News about Community Counseling Institute
Drug-Free Communities Grant Continues for another 5 Years!
In 2009, the Office of National Drug Control Policy (ONDCP) in conjunction with the Substance Abuse and Mental Health Administration (SAMHSA) awarded a $125,000 per year grant over five years, to the Community Counseling Institute in support of the Tacoma Drug-Free Community Coalition which serves as a catalyst for local participation in environmental change strategies designed to prevent substance use among youth. The Tacoma DFC Coalition is a partnership of over 12 sectors including youth, parents, law enforcement, the media, health care, business, faith-based organizations, schools, substance abuse treatment programs, organizations serving youth, civic and volunteer groups, and local government.
“This is terrific news for the prevention efforts of the Tacoma Coalition” said Dr. William James, executive director of the Community Counseling Institute and chair of the Tacoma DFC Coalition. “The Drug-Free Communities Program and other prevention efforts are significant components of a balanced national drug prevention and control strategy. The Tacoma Coalition is excited about continuing its efforts with the support of these federal dollars. We are making significant progress in promoting positive community norms and environmental change strategies and policies needed to ensure that young people stay free from the dangers of substance abuse. Continuing this grant will help the community of Tacoma contribute even more to these changes and assist in building on the progress made to keep our children healthy and drug-free.”
The Drug-Free Communities Support Program currently supports over 700 communities in 50 states, the District of Columbia, Puerto Rico, Guam, Palau, and the U.S. Virgin Islands. In August of 2009, 161 new DFC grants were awarded across the country along with ten new DFC Mentoring grants. The DFC program provides grants of up to $625,000 over five years to community organizations that facilitate citizen participation in local drug prevention efforts. Each grantee is required to match their grant award with non-federal funds or in-kind support. At the national level, the Drug-Free Communities Program represents a collaborative effort involving the White House Office on National Drug Control Policy and the Department of Health and Human Services’ Substance Abuse and Mental Health Services Administration. Guidance is provided by an advisory commission appointed by the President.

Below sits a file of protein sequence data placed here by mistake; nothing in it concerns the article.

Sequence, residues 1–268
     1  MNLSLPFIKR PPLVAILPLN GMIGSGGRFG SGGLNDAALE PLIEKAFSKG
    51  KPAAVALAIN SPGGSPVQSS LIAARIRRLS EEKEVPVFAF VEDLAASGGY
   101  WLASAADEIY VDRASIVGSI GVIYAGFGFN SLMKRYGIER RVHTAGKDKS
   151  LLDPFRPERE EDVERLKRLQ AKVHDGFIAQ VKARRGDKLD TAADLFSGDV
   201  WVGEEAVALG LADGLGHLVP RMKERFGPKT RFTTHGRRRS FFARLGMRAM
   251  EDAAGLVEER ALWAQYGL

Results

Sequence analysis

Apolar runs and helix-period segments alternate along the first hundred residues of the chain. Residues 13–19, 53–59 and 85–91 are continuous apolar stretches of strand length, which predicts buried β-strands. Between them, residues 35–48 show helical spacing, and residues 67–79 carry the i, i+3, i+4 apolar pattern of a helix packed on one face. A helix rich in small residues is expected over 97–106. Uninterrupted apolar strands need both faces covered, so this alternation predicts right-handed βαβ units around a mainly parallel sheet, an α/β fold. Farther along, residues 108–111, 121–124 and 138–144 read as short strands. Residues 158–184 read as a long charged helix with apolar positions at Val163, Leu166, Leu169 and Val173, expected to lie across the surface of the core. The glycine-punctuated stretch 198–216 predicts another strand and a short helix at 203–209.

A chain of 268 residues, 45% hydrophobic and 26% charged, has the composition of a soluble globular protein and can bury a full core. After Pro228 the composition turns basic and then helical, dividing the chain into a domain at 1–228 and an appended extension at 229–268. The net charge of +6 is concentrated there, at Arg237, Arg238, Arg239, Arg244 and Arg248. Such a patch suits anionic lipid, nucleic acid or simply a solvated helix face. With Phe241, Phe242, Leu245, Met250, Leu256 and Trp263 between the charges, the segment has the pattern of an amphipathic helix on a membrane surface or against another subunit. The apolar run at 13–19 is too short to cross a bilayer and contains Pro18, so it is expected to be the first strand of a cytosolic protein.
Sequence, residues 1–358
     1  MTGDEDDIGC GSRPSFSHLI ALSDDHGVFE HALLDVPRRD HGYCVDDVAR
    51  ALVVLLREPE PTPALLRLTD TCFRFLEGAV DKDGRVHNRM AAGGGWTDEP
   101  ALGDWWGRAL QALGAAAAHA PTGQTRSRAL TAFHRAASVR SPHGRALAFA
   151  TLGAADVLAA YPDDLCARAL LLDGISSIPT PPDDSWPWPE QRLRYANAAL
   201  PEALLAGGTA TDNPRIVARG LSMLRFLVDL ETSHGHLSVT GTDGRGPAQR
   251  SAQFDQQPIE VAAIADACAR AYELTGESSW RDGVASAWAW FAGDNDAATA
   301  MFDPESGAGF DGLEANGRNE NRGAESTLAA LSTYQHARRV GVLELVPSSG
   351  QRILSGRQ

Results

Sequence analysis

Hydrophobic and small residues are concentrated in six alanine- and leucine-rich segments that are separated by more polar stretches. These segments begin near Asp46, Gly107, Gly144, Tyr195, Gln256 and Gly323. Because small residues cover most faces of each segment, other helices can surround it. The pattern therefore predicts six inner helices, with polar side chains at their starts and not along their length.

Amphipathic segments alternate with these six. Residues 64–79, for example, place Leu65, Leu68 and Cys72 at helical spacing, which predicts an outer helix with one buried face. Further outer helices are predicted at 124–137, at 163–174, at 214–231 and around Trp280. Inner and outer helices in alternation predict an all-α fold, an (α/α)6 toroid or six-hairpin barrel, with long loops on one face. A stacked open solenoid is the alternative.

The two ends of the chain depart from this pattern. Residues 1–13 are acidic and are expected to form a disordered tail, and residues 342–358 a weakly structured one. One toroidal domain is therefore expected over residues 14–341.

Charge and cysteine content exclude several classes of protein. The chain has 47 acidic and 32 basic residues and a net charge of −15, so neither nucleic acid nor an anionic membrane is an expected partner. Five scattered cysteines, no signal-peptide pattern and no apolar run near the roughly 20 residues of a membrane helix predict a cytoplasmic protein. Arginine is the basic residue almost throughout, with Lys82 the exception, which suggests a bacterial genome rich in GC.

The DFC program was created by the Drug-Free Communities Act of 1997, and was reauthorized by Congress in 2001 and 2006. Since 1988, ONDCP has awarded approximately 1,500 Drug-Free Communities grants to local communities.
The Community Counseling Institute Continues the SAMHSA Awarded Substance Abuse Treatment and HIV/AIDS Services to the Tacoma CommunityThe United States Department of Health and Human Services’ Substance Abuse and Mental Health Services Administration’s Center for Substance Abuse Treatment grant for a Targeted Capacity Expansion (TCE/HIV) Program ($2.5 million dollar grant over five years) continues in the Tacoma community. The grant provides coordinated substance abuse treatment and HIV/AIDS services targeting African American, Hispanic, Native American, Asian and Pacific Islanders and other ethnic and cultural minority youth affected by, or at-risk for, the epidemics of substance abuse and HIV/AIDS in Tacoma and Pierce County.
One of the problems addressed by the TCE/HIV grant is the high incidence of substance abuse among youth in Pierce County as 42% of 12th graders reported using alcohol; 21% reported using marijuana; and 21% reported smoking cigarettes in the past 30 days (Healthy Youth Survey, 2008). Substance using youth are more likely to engage in high-risk behaviors placing them at risk for HIV infection. The TCE/HIV grant provides accurate, age-appropriate information about HIV infection and AIDS, including how to talk about HIV and AIDS, how to reduce or eliminate risk factors, and where to get tested. The grant provides on-site Rapid HIV Testing and the agency tested over 70 youth in 2009. Along with substance abuse treatment and HIV counseling and testing, the TCE/HIV program refers youth clients to health education, referrals, case management, and testing for sexually transmitted infections, hepatitis and tuberculosis.
“Extending our services to youth at high risk for substance abuse and HIV/AIDS requires a special effort to build trust with youth and being able to provide services right where they are located,” said CCI Executive Director William James, Ph.D., CDP. “This grant continues to bring assessment, education, treatment and Rapid HIV testing to youth involved with the local public schools and the legal system.”
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